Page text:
In addition to the practical application of directing care, health care payors look to physician orders to make payment determinations. The Medicare program places a great deal of importance on physician orders to support claims for ancillary and diagnostic services. Certain services require a physician’s order as a prerequisite to payment on a claim for service. In other cases there may be no direct, fee-for-service payment implication to a physician’s order, but they are still critical to patient safety and to communicate matters that may impact care and treatment of patients.

A few weeks back, my trials and tribulations as a health care compliance lawyer resulted in my need to locate a definition of what constitutes a physician’s order. I looked in the Medicare regulations and was surprised to find that there is no statutory or regulatory definition of what constitutes the order of a physician. This seemed odd given the importance of physician orders as conditions for payment of many Medicare claims. There are references throughout the regulations that require physician orders. I was finally able to locate a definition in a CMS Policy Manual. But if push comes to shove in the context of a case, these policy manuals are not binding on the interpretation of regulatory terms. CMS may define physician orders internally, but that does not necessarilly mean that a court will uphold that definition.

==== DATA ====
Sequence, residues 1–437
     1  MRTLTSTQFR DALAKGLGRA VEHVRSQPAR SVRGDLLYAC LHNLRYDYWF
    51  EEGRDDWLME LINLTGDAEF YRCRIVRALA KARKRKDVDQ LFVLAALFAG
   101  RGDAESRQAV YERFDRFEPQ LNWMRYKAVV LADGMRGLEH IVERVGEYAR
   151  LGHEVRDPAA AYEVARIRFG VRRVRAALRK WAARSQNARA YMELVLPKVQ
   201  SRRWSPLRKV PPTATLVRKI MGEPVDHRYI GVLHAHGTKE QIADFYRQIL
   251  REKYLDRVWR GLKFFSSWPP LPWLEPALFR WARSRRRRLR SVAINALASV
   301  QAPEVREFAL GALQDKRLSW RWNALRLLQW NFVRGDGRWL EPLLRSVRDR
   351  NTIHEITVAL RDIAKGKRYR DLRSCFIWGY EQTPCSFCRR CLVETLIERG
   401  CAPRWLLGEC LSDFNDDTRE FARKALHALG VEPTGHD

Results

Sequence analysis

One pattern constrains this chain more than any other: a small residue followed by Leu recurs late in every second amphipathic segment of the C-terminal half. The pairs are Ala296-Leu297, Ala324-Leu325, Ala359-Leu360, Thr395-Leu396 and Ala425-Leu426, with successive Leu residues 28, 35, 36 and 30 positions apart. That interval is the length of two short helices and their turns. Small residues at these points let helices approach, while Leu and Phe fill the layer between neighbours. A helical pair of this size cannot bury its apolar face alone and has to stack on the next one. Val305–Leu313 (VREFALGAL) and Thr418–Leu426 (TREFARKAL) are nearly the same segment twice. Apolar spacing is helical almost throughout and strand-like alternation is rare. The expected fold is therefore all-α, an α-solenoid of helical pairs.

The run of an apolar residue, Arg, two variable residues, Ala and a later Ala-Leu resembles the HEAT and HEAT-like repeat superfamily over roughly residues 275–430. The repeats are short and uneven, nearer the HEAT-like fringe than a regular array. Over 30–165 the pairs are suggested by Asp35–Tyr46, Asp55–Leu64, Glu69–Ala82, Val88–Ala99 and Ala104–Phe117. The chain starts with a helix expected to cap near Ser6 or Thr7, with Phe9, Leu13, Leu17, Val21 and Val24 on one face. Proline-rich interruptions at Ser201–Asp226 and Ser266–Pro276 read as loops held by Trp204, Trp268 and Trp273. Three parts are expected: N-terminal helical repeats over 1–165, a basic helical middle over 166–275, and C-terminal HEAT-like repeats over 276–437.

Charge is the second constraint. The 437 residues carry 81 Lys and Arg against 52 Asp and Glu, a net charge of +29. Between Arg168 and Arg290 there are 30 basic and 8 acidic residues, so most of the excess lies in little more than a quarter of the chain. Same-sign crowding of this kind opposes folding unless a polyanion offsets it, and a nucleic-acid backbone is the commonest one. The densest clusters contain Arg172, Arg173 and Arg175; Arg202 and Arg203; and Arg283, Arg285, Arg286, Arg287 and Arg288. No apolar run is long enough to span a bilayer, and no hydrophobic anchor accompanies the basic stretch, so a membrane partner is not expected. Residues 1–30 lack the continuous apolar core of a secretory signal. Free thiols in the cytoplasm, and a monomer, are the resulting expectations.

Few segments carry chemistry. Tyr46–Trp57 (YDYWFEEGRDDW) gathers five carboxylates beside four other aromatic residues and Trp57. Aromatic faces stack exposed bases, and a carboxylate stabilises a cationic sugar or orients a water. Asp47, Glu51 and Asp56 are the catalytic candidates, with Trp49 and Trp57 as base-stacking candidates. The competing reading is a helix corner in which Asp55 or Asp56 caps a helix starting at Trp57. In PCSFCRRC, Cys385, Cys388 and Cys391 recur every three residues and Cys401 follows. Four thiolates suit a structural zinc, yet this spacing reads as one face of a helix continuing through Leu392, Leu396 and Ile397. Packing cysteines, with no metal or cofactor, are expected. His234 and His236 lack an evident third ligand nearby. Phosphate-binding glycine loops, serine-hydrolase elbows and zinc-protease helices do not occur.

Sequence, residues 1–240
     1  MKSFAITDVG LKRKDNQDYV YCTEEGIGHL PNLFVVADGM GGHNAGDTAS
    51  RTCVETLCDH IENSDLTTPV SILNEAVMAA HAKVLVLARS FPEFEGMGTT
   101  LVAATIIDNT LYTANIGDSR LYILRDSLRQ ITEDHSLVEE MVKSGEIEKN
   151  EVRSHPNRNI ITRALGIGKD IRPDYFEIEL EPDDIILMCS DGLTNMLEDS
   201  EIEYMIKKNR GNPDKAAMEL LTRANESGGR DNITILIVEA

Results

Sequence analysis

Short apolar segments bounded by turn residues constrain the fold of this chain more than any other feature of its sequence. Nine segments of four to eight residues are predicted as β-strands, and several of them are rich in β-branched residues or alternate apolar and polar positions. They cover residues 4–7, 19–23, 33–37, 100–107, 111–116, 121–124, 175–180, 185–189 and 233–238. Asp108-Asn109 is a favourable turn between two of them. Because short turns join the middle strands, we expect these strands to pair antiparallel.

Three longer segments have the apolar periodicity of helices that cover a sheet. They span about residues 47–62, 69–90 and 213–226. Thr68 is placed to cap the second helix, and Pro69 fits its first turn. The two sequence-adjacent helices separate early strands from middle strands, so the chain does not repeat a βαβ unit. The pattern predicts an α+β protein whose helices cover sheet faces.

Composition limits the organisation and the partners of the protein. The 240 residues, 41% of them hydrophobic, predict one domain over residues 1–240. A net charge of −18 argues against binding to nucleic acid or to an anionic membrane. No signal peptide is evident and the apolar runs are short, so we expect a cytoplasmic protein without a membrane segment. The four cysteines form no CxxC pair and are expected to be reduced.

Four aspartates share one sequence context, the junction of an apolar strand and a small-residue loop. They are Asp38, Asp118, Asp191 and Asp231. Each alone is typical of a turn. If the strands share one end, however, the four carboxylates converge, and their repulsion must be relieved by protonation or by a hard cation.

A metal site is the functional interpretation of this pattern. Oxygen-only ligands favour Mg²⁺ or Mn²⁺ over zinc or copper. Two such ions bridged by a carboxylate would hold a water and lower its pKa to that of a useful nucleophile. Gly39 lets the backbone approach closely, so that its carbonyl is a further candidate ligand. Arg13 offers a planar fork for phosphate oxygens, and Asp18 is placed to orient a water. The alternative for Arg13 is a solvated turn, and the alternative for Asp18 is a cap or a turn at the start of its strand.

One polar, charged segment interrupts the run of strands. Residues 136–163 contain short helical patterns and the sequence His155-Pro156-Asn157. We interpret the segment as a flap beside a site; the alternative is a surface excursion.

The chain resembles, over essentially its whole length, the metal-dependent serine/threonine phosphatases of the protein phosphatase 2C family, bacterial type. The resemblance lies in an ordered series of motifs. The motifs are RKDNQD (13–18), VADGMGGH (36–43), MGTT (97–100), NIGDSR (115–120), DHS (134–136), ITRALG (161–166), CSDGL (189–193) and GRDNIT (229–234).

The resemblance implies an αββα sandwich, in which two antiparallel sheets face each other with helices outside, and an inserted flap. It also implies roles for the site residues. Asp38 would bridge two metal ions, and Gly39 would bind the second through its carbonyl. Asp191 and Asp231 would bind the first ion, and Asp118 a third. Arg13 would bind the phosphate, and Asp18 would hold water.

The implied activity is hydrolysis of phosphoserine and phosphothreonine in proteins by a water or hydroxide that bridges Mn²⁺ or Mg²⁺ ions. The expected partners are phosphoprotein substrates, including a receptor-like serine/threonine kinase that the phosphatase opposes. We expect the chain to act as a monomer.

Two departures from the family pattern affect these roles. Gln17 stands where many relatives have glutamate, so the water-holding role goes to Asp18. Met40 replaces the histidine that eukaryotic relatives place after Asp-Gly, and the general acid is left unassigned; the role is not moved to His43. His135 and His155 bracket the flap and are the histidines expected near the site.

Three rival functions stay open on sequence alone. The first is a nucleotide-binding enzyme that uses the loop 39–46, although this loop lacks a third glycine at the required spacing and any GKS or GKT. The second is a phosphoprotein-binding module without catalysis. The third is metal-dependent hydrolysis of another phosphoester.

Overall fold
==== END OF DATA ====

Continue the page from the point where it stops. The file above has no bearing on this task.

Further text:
Some states do a better job than Medicare at defining what constitutes a physician’s order. Medicare policy sometimes defers to state law, particularly regarding some of the technical aspects of physician orders such as what constitutes a valid electronic signature. State law should always be referenced when determining issues relating to physician orders, attestation, signatures, and other issues. This does not always provide clarification and, in fact, sometimes it causes confusion. But it is necessary for a full analysis and identification of where there may be uncertainty.

So no I am inspired to do some further exploration on physician orders. When are they necessary? When are they required? What technical requirements apply? Stay tuned to this blog for additional articles and hopefully some fairly comprehensive coverage of physician orders.

Physician Orders Legal and Regulatory Article Series

Physician Order Reimbursement Issues

Physician Orders – Why Are They So Important?

The Verbal Order Minefield

Authenticating Verbal Orders : Compliance Requirements

Third Party Authentication of Verbal Orders

Physician Order – CMS Guidelines on Texting Physician Orders

Excluded Parties – OIG Bulletin On Reimbursement

Wednesday, May 15th, 2013

OIG Bulletin On Reimbursement For Services of Excluded Parties